Department of Cultural Affairs NYCulture City of New York Department of Cultural Affairs NYCulture City of New York

Percent for Art

   Lorenzo Pace

Triumph of the Human Spirit, 2000, Granite


Triumph of the Human Spirit

Completion Date:







Foley Square


Foley Sqaure


Coe Lee Robinson Roesch

Sponsor Agency:

Department of Parks and Recreation

Design Agency:



The monument Triumph of the Human Spirit is one of the world's largest site-specific installations, venerating the experience of African American enslavement. Towering at over fifty feet and weighing more than 300 tons, the massive black granite sculpture was built on a rediscovered African burial ground. The sculpture depicts an abstract female antelope form, mounted on a boat shaped base. According to the artist, the piece is inspired by "Chi Wara" an antelope effigy from West Africa that symbolizes a responsibility for continuing the next generation and for celebrating a successful harvest. Triumph of the Human Spirit serves as a monument to honor all Africans brought to America but is also dedicated to all ancestors as well as the future generations to come.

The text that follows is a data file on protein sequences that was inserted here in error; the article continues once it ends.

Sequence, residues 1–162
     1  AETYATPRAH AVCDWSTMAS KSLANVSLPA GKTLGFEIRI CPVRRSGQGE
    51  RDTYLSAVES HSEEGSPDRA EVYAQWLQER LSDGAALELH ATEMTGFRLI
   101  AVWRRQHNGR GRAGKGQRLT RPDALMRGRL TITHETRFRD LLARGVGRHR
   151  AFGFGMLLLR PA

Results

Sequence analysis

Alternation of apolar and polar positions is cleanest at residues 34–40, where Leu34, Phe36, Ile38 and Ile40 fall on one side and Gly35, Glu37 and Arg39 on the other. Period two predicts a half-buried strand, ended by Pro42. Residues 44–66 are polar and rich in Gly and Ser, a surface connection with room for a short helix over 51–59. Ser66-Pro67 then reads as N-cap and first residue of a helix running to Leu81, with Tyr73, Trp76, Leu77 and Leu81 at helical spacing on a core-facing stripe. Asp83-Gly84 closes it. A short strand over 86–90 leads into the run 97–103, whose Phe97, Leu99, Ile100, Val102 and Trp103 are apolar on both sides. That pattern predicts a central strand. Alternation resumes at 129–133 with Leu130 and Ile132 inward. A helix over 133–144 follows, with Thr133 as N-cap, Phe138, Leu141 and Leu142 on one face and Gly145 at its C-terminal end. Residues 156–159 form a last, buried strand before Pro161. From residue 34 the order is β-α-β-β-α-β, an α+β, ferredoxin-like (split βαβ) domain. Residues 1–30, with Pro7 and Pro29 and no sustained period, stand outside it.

About the Artist...
Born in Birmingham, Alabama in 1943, Lorenzo Pace makes art in his studio in Brooklyn. Using largely found objects, his installations, performance pieces, and woodcarvings address such themes as voodoo, African iconography, and urban issues. His work has been exhibited and performed nationally and internationally at the Smithsonian Institute in Washington, the Museum of Contemporary Art in Los Angeles, the Museum of Contemporary Art in Chicago, and Plexus International in Rome and Sardina, Italy.

Artist Quote...
"I am motivated to make art which may inspire others to think about life and death, about how they stand apart and also cling to each other, about how immediately both conditions are present in the visible and the invisible world. Viewers may be motivated to question their perception about the absence, the fullness, the value and necessity of caring for themselves, others, our planet and its occupants." -- Lorenzo Pace, 2000